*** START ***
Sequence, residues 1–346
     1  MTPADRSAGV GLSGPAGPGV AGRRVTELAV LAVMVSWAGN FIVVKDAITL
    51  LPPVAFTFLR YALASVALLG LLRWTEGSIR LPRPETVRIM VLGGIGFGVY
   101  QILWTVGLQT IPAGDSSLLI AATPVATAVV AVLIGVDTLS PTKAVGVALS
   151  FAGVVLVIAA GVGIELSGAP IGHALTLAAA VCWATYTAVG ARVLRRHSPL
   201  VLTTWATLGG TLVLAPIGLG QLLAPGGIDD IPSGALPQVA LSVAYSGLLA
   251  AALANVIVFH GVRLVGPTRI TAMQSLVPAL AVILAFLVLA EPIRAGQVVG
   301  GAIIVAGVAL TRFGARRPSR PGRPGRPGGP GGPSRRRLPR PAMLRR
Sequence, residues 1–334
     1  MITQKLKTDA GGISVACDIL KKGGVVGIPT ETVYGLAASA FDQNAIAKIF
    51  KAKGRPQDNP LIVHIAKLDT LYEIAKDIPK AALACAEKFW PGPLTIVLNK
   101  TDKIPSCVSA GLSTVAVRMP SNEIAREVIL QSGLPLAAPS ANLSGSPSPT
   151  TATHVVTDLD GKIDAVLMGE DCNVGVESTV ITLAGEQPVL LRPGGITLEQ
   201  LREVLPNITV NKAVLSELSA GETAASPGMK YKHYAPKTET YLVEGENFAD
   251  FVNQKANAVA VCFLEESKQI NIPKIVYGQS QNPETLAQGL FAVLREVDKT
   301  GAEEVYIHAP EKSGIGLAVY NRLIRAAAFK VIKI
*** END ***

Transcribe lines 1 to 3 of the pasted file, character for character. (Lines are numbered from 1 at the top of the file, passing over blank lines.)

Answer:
Sequence, residues 1–346
     1  MTPADRSAGV GLSGPAGPGV AGRRVTELAV LAVMVSWAGN FIVVKDAITL
    51  LPPVAFTFLR YALASVALLG LLRWTEGSIR LPRPETVRIM VLGGIGFGVY